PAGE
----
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Resiliency and adaptability crucial to Army Aviation's future

May 4, 2011

By Michael Negard, Commander's Initiatives Group, USAACE

Resiliency is the ability to "bounce back" in the face of adversity and stress. Adaptability is the ability to quickly adjust to changing conditions. According to the Army Aviation branch Chief, to be successful today and in the future, both characteristics must be prevalent in Army Aviation.

Addressing more than 1,500 military and civilian leaders, contractors and industry representatives April 18 at the 2011 Army Aviation Association of America annual professional forum and exposition in Nashville, Tenn., Maj. Gen. Anthony G. Crutchfield, Army Aviation branch chief and commander of the U.S. Army Aviation Center of Excellence (USAACE) and Fort Rucker, highlighted the key to success for the branch.

"We chose the theme of 'Full Spectrum Army Aviation: Resilient and adaptive for the future security environment' because it speaks to why we are here this week, where Army Aviation is today and where it needs to be in the future," Crutchfield said. "The future battlefield is an unknown and our Army and its maneuver commanders must be ready to rapidly transition between various levels of combat across the full spectrum of conflict. Full spectrum Aviation gives them more flexibility.

"There is no other combat enabler in the Army that is in greater demand than Army Aviation," noted Crutchfield. "I don't see a change in that demand in the near future."

Army Aviation's strenuous operational tempo is driven purely by demand for Aviation capabilities from ground commanders in Iraq and Afghanistan. With a total of 12 active component Combat Aviation Brigades (CABs) in the Army inventory and six brigades deployed, to include one CAB in Korea, the demand places stress on personnel and equipment.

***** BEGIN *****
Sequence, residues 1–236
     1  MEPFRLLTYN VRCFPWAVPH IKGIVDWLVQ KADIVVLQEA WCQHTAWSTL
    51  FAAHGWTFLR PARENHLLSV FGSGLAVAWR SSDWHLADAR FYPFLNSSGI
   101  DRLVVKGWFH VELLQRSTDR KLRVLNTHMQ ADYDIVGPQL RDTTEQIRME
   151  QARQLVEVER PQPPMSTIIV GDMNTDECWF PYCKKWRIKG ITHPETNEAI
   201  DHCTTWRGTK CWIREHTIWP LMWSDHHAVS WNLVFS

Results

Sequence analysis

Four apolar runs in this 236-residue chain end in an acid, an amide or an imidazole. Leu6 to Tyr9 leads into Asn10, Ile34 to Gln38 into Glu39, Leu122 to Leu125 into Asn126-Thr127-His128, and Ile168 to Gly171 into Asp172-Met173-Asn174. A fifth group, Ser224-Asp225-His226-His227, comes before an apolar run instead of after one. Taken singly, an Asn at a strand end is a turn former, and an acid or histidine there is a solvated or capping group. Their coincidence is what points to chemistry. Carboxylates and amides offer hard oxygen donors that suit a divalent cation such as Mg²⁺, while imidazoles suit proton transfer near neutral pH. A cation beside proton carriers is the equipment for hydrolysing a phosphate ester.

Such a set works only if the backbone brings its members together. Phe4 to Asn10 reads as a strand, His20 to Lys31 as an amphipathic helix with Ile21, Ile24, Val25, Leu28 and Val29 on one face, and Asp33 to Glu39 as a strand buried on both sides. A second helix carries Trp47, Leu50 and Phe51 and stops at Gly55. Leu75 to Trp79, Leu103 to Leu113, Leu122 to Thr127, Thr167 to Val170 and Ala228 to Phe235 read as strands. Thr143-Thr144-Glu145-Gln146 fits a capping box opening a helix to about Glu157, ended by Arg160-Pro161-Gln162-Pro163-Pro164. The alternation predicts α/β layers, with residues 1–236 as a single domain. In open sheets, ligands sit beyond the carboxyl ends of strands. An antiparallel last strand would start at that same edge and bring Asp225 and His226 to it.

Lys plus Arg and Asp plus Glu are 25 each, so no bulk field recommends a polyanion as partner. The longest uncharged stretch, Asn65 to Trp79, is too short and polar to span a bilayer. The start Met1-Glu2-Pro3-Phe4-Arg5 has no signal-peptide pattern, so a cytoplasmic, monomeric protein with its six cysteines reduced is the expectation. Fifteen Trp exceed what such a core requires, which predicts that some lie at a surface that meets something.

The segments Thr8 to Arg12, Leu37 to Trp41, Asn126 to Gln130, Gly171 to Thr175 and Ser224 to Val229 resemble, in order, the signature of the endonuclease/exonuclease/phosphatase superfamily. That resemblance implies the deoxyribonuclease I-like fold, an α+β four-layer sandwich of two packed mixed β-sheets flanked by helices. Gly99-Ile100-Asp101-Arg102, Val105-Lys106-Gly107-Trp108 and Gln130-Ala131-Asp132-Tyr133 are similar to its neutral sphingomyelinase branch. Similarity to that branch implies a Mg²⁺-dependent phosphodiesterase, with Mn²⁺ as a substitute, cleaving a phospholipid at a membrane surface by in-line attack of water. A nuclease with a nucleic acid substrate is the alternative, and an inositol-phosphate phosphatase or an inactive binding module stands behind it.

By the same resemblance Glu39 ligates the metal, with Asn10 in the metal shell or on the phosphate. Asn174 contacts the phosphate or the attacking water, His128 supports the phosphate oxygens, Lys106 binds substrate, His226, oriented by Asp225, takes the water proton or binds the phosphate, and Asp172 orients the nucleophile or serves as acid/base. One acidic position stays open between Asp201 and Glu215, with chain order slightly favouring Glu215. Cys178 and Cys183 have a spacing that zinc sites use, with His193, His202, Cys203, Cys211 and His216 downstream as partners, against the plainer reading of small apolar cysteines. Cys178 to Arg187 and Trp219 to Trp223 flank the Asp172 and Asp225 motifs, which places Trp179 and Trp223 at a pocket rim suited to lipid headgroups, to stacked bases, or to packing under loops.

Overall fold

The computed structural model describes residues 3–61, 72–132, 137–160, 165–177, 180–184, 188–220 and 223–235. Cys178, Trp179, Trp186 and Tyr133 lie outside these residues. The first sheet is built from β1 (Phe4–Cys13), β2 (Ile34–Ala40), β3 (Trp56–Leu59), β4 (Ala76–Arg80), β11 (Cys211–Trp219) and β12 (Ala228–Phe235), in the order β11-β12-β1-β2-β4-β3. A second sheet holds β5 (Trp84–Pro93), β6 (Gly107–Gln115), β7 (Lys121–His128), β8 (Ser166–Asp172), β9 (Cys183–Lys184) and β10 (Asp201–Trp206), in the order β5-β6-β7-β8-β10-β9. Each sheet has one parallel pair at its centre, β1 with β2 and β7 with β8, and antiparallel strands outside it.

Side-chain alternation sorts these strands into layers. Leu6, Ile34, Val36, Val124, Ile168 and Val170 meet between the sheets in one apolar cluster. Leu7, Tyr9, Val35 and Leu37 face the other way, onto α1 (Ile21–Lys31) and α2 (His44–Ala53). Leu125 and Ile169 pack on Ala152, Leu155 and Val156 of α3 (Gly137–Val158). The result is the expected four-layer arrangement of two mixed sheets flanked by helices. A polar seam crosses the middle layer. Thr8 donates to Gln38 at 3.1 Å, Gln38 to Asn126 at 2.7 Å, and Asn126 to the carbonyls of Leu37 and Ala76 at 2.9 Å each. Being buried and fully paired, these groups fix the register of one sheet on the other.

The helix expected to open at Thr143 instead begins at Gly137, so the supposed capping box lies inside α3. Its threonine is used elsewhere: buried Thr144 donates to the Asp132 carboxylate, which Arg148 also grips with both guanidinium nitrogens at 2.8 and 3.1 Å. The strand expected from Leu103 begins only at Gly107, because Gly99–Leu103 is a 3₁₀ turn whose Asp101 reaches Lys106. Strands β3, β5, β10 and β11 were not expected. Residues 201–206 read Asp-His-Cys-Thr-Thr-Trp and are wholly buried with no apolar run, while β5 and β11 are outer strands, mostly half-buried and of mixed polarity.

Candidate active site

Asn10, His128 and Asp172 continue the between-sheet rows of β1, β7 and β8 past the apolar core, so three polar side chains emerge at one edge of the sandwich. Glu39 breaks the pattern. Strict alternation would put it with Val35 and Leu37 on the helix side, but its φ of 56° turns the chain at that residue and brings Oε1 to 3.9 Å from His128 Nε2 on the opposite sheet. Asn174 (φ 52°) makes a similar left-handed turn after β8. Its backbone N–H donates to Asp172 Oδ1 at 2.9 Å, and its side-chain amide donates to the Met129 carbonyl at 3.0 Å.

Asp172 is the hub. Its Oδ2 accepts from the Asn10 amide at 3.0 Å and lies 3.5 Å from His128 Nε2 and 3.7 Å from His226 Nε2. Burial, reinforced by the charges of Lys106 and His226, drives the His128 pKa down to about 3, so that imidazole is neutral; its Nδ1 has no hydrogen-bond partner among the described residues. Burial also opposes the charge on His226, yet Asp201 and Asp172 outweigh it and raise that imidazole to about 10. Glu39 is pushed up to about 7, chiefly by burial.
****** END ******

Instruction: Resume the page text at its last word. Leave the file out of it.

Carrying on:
"After a decade of combat, our Soldiers and their Families are tired and our formations are stressed," said Crutchfield. "Our aircraft are being flown four times the hours they were 10 years ago. I'm very concerned about the impact of demand today, but I'm also very concerned about where the stress will manifest itself in the next years to come."

The Army's goal is for active-component units to spend two years at home station between deployments. Most Army Aviation formations are spending just over a year in reset prior to deployment. According to the branch chief, resiliency is key until Army Aviation can achieve the needed time to reset.

"Resilience is the process of adapting well in the face of adversity, trauma, tragedy, threats, or stress," said Crutchfield. "It applies to individuals, Families, our formations and equipment."

Kim Crutchfield, the general's wife, joined her husband on stage to emphasize the importance of resiliency, especially Soldier and Family resiliency, and highlighted a number of the symposium's programs.

"In keeping with the theme of resiliency I believe we are all so much better for each other when we take care of ourselves," she said. "There are a number of tools and programs available to our Soldiers and their Families and we should encourage everyone to participate."

The branch chief also highlighted the importance of being adaptive and how the Army's aviation training institution is focusing its efforts to enhance Soldier and leader professional development programs.

"What about the importance of being adaptive?" Crutchfield asked the audience. "The future security environment will be rife with uncertainty, ambiguity and complexity. We must develop leaders, both strategic and tactical, who are prepared, versatile and adaptable today and who can meet the challenges we will face in the future."

Using the cycle of "learn, act, adapt and learn again," the Aviation Center is incorporating aspects of the Army Learning Concept 2015 to enhance training and development programs to build more adaptable and versatile leaders.

"Our adversaries will use sophisticated asymmetric strategies, tactics, techniques and tools to defeat us," said Crutchfield. "To maintain a decisive edge over them we must exploit existing technology to augment our brick and mortar classrooms to deliver the best training to our leaders at the right time and place. As the operational environment changes, so must our Army's training institution."



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